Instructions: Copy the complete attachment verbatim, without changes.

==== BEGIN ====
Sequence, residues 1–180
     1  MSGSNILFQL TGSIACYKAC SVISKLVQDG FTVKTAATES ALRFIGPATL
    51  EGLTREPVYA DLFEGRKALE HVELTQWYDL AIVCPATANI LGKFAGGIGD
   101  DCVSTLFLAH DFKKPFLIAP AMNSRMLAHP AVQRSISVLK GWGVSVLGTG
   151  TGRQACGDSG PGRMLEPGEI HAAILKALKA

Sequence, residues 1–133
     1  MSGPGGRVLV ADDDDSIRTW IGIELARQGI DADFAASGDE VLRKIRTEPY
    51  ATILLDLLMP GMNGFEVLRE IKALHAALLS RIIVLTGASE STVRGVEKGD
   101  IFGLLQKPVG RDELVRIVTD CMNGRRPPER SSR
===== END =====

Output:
Sequence, residues 1–180
     1  MSGSNILFQL TGSIACYKAC SVISKLVQDG FTVKTAATES ALRFIGPATL
    51  EGLTREPVYA DLFEGRKALE HVELTQWYDL AIVCPATANI LGKFAGGIGD
   101  DCVSTLFLAH DFKKPFLIAP AMNSRMLAHP AVQRSISVLK GWGVSVLGTG
   151  TGRQACGDSG PGRMLEPGEI HAAILKALKA

Sequence, residues 1–133
     1  MSGPGGRVLV ADDDDSIRTW IGIELARQGI DADFAASGDE VLRKIRTEPY
    51  ATILLDLLMP GMNGFEVLRE IKALHAALLS RIIVLTGASE STVRGVEKGD
   101  IFGLLQKPVG RDELVRIVTD CMNGRRPPER SSR